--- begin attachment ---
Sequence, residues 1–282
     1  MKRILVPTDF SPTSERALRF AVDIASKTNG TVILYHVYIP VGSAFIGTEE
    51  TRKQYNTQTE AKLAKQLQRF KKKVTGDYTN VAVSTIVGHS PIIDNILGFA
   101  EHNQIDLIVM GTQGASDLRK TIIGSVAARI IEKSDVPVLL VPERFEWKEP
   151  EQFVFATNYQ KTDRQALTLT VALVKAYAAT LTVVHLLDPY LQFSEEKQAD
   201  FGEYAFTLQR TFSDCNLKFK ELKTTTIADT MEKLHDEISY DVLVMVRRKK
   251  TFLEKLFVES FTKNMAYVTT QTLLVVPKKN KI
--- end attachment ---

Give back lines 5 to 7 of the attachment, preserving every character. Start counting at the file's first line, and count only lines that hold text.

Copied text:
   151  EQFVFATNYQ KTDRQALTLT VALVKAYAAT LTVVHLLDPY LQFSEEKQAD
   201  FGEYAFTLQR TFSDCNLKFK ELKTTTIADT MEKLHDEISY DVLVMVRRKK
   251  TFLEKLFVES FTKNMAYVTT QTLLVVPKKN KI